Laminitis strikes fear in the hearts of horse owners more than almost any other disease. Even colic is often less feared than laminitis. This disease causes inflammation inside the hoof, and a breakdown of the attachments between the coffin bone and the hoof. "Rotation" and "sinking" of the coffin bone can cause excruciating pain and debilitating lameness.
Diagnosis of Laminitis
Recognizing the signs of laminitis is extremely important. Affected horses may just seem a little "stiff," or may resent turning sharply left and right. They also may "rock back" onto their hind feet in an attempt to take pressure off the front hooves. Horses suffering from laminitis are identified by observation, physical exam and careful examination of the hooves. Radiographs (x-rays) are incredibly beneficial in making a diagnosis, and the findings can also help with estimating the chance for successful outcome.
Treatment of Laminitis
Horses with laminitis are treated with a "3-phase" approach. All three phases of treatment are implemented immediately to increase the chance that the horse will return to his career. Phase 1 involves the application of special shoes or pads. We use different types of pads and shoes depending on radiographic (x-ray) findings, but all types center on enhancing the horse's comfort and decreasing further damage. Phase 2 involves the administration of medications. Horses with laminitis usually benefit tremendously from pain control and anti-inflammatories. We also use medications that help with blood flow to the feet in some circumstances. We try to avoid "over-medicating" and resist over-prescribing medications that have no evidence for their use, or that have been proven ineffective. Phase 3 involves dietary management. Since dietary sugars can cause or worsen laminitis, we often recommend limited starch/sugar diets for laminitic horses. Specific recommendations vary from horse-to-horse and we always work with the owner to determine what feeds will be most beneficial.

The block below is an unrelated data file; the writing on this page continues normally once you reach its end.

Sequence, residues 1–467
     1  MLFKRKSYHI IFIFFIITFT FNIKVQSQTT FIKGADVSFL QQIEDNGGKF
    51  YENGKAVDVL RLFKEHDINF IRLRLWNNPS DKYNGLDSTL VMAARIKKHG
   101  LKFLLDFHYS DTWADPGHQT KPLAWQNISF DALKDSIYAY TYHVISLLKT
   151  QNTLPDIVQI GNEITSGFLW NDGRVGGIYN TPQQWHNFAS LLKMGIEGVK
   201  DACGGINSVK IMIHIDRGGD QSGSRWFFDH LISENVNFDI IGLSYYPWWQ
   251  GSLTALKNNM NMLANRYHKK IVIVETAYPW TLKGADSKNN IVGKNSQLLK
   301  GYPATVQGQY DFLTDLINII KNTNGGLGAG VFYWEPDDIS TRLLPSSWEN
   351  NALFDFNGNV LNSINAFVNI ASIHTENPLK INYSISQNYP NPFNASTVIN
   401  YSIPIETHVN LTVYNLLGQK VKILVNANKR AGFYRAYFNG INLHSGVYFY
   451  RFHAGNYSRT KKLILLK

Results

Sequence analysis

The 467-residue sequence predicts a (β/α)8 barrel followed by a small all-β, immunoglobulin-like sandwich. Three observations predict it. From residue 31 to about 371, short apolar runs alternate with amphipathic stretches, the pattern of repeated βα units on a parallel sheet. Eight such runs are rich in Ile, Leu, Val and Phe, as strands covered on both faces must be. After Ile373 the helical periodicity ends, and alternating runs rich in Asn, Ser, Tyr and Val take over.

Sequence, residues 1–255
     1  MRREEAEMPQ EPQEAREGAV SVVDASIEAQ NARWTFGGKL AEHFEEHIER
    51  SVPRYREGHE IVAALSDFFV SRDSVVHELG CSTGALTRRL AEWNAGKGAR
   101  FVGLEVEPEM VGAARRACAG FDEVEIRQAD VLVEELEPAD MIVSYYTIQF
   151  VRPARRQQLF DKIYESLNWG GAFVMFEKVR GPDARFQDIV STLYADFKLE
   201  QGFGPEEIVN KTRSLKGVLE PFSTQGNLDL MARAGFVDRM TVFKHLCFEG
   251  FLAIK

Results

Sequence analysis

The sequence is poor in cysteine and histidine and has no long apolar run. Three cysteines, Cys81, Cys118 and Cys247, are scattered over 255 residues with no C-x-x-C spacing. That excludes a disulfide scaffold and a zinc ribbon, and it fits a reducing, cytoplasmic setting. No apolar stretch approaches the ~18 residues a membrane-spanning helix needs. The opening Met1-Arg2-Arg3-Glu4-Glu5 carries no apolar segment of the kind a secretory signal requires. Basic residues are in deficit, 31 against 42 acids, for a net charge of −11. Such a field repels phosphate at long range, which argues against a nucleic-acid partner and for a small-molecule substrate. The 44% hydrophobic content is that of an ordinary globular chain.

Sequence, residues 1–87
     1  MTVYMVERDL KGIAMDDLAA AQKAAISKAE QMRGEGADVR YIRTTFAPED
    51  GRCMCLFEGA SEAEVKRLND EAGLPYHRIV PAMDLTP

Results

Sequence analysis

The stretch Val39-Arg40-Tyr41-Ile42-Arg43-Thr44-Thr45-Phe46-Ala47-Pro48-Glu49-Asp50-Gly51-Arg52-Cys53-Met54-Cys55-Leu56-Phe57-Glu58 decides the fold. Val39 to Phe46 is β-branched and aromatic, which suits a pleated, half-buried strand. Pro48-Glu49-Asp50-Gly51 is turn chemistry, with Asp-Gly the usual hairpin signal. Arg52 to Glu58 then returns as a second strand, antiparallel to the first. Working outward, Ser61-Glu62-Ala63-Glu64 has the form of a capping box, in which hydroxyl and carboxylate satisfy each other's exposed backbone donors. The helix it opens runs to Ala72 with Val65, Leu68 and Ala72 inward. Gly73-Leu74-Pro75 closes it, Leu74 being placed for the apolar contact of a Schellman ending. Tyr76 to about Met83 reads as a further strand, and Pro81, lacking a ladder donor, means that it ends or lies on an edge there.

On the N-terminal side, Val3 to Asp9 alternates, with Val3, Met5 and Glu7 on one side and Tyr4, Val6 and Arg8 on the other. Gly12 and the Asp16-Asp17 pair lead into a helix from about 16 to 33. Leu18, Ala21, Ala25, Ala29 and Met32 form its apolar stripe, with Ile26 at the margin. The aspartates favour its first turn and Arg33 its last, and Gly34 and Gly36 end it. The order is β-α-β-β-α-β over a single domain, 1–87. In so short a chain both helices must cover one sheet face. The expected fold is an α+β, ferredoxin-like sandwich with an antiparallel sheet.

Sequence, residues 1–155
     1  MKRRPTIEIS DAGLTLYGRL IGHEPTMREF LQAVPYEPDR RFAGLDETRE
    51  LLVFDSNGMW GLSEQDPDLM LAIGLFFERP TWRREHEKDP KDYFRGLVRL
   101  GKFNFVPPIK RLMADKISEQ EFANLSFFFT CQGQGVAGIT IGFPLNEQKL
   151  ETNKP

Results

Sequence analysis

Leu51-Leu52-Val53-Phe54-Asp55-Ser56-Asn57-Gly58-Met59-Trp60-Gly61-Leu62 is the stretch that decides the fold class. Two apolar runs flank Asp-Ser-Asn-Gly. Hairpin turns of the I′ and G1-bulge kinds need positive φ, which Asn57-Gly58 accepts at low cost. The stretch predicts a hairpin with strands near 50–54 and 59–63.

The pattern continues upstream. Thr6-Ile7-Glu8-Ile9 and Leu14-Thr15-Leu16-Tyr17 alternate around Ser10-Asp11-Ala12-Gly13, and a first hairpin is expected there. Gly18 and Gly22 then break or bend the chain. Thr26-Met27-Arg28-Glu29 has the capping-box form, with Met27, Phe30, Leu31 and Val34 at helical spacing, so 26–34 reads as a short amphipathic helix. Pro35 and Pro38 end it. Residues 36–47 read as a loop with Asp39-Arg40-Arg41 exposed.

A Note on the "Team Approach"
We believe strongly that a unified "team approach" provides a horse with the best chance for a successful outcome. The owner, veterinarian and farrier all play critical roles in the horse's treatment. Each and every case of laminitis is different, and remaining open to different treatment modalities is extremely important. We work side-by-side with owners and farriers to provide the best treatment for each individual horse.